EAST LOS ANGELES — Seventeen-year-old Destiny Pineda of Garfield High School says that she and the hundreds of students in East L.A. who walked out of class Nov. 14 are not demonstrating against Donald Trump’s election as the 45th president of the United States.
But the protests began shortly after the 70-year-old business tycoon won more than 270 Electoral College votes Nov. 8 and continued into this week. The students carried signs that invoked Trump and his campaign messaging, some reading “Deport Donald Trump,” and “Bridges Not Walls.”
Some students waved Mexican flags as they marched from a number of Eastside high schools, making a stop at Mariachi Plaza in Boyle Heights before heading toward Los Angeles City Hall.
Students spoke through megaphones and chanted “United, we’ll never be divided,” and “Say it loud, say it clear, immigrants are welcome here,” under the glare of the hot sun.
The young protesters were not alone in their demonstrations. Thousands of protesters around the country marched in the streets for nearly a week in Chicago, New York, San Francisco and Portland, among other places.
A handful of students carried signs blaming Hillary Clinton’s loss on Democrats and third parties. A couple of those signs read, “DNC Failed Working People,” and “This still doesn’t absolve third parties, you know…” showing a laundry list of Clinton campaign stumbles including when she called Trump supporters “deplorables.”
The signs also mentioned Green Party candidate Jill Stein by name, and the Clinton Foundation, which remains under FBI investigation.
Those on the president-elect’s team have been keeping a wary eye on both the national protests and the student demonstrations.
Tim Clark, Trump’s California state director, said, “The older these students get, the more they will understand that the election outcome was the best thing that could have happened for their future. They now have a brighter outlook for better jobs, for a government that won’t spend them deeper into debt, and for a safer and more secure America.”
Even though the East L.A. teens out marching were not old enough to vote, Pineda, authorized to speak to reporters as a media leader, said the students have a clear message and it doesn’t include the foul language on some of their signs.
“This protest is not about Trump, he does not deserve that attention,” she said. It’s for the community, to promote unity and solidarity. There will always be a few that do that.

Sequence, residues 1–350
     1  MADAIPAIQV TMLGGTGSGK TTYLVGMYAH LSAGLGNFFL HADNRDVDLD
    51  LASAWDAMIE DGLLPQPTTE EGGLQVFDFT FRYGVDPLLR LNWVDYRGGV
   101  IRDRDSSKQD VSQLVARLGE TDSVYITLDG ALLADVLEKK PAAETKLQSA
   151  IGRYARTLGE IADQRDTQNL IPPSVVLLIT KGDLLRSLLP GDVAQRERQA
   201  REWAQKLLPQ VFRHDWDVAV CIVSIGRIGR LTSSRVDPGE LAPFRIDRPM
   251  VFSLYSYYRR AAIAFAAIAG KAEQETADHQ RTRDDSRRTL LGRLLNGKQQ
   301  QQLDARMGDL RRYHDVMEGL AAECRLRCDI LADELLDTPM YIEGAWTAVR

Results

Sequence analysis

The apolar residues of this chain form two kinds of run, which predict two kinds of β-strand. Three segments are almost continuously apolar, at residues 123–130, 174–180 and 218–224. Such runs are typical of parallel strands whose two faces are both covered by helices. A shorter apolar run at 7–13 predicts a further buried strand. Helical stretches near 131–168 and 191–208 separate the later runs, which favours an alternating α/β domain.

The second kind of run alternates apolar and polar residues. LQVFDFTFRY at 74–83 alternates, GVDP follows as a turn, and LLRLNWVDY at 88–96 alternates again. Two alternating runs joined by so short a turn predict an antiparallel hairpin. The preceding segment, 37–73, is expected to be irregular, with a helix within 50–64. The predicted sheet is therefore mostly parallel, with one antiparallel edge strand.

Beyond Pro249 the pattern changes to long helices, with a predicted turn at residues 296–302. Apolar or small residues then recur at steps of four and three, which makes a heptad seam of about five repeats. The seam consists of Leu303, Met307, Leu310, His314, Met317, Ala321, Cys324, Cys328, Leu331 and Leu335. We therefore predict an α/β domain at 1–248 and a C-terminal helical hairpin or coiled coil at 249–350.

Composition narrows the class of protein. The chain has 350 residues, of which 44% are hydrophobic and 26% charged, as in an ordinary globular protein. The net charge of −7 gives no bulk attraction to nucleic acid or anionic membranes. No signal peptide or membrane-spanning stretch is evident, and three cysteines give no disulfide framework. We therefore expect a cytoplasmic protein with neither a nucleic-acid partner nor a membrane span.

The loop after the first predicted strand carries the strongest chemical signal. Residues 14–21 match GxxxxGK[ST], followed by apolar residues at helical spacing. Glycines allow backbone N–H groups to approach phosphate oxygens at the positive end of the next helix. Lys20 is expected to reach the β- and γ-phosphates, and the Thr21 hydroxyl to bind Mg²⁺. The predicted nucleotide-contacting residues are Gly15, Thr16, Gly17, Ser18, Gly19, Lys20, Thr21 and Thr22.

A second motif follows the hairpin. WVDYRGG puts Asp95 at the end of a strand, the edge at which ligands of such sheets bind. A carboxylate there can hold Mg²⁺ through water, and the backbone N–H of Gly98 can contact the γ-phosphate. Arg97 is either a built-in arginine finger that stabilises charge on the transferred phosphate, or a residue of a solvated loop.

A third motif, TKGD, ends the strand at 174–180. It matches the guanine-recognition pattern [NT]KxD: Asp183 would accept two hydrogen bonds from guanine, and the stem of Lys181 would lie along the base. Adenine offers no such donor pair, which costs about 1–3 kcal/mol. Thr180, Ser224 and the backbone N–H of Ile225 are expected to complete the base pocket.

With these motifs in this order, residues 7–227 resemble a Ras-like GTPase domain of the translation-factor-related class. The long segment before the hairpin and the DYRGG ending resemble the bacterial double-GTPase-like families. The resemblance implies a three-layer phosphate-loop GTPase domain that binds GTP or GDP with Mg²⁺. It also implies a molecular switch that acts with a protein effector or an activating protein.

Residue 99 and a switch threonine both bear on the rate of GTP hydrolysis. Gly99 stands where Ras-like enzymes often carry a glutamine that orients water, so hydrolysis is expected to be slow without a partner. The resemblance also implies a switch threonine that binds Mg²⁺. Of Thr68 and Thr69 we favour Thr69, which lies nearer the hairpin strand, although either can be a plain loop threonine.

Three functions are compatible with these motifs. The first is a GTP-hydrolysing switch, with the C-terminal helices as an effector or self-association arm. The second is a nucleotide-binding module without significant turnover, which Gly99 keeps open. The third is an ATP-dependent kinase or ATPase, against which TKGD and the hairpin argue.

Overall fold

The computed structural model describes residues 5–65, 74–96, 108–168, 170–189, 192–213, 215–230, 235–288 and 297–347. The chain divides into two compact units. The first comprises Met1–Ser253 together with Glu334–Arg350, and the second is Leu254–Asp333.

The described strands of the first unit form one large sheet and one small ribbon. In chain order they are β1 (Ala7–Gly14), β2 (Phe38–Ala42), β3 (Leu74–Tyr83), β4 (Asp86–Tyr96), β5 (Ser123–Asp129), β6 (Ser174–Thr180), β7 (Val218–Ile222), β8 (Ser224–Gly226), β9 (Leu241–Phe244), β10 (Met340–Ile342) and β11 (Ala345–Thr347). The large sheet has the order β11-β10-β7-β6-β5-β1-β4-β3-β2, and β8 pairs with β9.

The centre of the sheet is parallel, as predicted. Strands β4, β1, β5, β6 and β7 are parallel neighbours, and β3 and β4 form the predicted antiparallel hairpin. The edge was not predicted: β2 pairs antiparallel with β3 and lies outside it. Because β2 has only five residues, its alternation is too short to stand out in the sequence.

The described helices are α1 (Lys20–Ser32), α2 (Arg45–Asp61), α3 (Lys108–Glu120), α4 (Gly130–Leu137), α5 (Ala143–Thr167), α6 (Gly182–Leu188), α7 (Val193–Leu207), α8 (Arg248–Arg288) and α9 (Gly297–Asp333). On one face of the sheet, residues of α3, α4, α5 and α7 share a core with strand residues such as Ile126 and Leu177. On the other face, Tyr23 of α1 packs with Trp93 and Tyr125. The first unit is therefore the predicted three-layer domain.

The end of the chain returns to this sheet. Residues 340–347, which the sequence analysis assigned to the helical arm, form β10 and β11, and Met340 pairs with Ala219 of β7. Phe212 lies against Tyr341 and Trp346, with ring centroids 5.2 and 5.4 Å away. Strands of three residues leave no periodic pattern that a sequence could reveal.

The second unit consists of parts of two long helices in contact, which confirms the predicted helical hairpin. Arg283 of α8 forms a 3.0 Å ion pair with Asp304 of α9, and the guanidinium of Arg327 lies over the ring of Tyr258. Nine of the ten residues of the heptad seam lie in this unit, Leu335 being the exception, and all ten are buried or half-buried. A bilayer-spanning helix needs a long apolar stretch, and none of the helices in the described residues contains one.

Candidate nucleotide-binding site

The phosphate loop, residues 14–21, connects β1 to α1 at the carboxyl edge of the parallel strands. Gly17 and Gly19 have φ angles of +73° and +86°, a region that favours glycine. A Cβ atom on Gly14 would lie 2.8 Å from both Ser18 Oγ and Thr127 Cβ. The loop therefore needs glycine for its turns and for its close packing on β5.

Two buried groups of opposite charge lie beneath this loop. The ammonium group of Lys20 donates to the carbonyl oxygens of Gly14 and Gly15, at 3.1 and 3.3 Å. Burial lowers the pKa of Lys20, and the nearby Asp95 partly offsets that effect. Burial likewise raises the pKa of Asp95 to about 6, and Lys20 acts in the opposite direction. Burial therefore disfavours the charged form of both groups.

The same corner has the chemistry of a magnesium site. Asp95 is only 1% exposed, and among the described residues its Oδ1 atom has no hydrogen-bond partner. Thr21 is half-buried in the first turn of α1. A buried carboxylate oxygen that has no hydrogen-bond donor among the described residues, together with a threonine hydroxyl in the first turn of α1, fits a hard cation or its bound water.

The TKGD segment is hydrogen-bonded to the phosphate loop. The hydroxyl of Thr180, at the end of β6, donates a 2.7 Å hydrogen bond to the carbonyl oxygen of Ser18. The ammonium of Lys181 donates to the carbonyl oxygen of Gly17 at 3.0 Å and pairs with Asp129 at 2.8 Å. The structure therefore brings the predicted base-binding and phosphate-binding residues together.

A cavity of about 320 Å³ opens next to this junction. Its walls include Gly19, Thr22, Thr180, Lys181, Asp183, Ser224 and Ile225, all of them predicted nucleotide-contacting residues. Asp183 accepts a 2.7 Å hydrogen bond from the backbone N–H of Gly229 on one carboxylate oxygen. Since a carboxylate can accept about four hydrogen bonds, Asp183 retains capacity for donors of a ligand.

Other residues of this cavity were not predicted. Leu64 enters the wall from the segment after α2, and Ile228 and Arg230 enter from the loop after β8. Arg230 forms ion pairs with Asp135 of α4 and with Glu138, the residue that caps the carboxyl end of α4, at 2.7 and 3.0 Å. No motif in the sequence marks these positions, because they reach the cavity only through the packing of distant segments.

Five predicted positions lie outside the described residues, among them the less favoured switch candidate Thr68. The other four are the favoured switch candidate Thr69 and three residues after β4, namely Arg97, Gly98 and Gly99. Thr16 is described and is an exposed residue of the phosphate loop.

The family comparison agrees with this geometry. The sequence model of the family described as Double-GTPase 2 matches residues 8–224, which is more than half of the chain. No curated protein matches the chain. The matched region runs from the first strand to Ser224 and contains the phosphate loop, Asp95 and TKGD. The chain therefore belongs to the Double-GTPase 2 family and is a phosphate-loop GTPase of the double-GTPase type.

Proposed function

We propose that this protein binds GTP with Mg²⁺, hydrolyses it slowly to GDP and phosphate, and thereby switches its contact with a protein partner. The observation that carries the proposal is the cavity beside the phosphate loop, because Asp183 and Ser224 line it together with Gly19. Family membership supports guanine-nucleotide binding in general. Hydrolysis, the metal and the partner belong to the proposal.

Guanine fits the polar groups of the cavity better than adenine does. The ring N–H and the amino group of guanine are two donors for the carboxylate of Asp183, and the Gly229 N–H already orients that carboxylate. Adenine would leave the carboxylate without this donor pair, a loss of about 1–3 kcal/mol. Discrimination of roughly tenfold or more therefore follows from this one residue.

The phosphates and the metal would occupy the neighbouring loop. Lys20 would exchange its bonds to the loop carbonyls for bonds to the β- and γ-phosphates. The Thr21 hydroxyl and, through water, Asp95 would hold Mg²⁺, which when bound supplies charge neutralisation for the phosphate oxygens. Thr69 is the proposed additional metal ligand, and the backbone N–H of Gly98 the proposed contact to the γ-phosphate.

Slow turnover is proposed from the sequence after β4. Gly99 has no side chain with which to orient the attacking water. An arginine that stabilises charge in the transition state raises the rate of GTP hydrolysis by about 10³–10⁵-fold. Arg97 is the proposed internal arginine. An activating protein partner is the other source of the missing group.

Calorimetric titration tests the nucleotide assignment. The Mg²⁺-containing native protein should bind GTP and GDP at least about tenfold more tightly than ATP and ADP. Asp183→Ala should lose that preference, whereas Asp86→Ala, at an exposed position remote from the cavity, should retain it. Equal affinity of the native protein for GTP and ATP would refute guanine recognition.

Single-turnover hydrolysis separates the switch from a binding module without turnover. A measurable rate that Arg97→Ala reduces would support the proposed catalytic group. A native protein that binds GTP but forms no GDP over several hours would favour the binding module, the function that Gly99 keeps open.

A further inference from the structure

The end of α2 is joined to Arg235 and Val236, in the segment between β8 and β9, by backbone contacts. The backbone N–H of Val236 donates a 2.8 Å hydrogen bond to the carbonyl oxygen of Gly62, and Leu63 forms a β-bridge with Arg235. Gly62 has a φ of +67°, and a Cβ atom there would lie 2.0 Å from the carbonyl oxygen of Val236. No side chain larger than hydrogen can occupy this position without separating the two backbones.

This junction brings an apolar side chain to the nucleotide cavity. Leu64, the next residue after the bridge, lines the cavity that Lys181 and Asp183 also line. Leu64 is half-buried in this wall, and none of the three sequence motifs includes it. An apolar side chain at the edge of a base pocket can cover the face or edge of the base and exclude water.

“They do support us, but that’s not what we’re here for,” Pineda said.
She explained that their reasons for walking out included demands that rape be classified as a violent crime, that L.A. County be turned into a sanctuary for minorities and undocumented residents, and that resource centers be built for LGBT and undocumented students in all LAUSD schools.
“Some people in the LGBT community, and black and brown communities are afraid, not just of Trump, but of the system,” Pineda said. “We want everyone to feel safe and not afraid.”
Not everyone is afraid. A large sign at Garfield High School read “Don’t Walk Out, Walk In!” Vice Principal Abraham Casavi referred a reporter to the school district, but when asked about the sign and if there were students on campus, replied that at least 75 percent of the student body was still in class.
Los Angeles Unified School District Superintendent Michelle King released a statement about the student demonstrations, saying many students remained concerned in the week following the presidential election, and wanted their voices to be heard.
“These are important conversations that need to take place,” King said. “We want our students to know they are not alone. However, it is critical that students not allow their sentiments to derail their education or for their actions to place them in danger. Students should limit their activities to non-instructional time and — for their own safety and to follow the law — they should remain on campus.”
She added that the best place to discuss the students’ concerns was in school, and that LAUSD schools were using assemblies, classroom dialogues, speaking activities and restorative justice programs to provide a secure forum for their students.
She also said that the Office of Human Relations, Diversity and Equity had made resources available at lausd.net to support meaningful conversations, and that the safety of students and staff remained their highest priority.
While LAUSD school board President Steve Zimmer said the student protests represented a “hopeful moment,” he also said the young people would face disciplinary action for unexcused absences. “If this is important enough to you to walk out, then you should know that there are going to be consequences for that action, and you should accept those proudly,” he said.
Still, he reassured the young people that the discipline would not impact their path to graduation.
City Councilman Jose Huizar also weighed in on the protests, saying, “There are a lot of discouraged people based on the results of the recent election. I’m saddened about the results, too.”
He added: “We must be part of the voice of reason as we move forward. When things go bad there is an opportunity to learn and rebuild. Retreat and regroup. But there never is a good excuse to become destructive.”
Throughout the week of protests police arrested nearly 450 adults and more than 30 minors. Charges included blocking the Hollywood (101) Freeway, failure to disperse, curfew violations, vandalism of buildings and vehicles, and assault of an officer.
Mayor Eric Garcetti also spoke out about the protests.
“I thought it was beautiful,” he said. “I certainly, probably in an earlier incarnation, would have been out there expressing some of that frustration,” adding that “we have to make sure we don’t break too many laws doing it.”
The mayor also said he would reach out to Donald Trump to congratulate him and begin a conversation on the issues important to Los Angeles.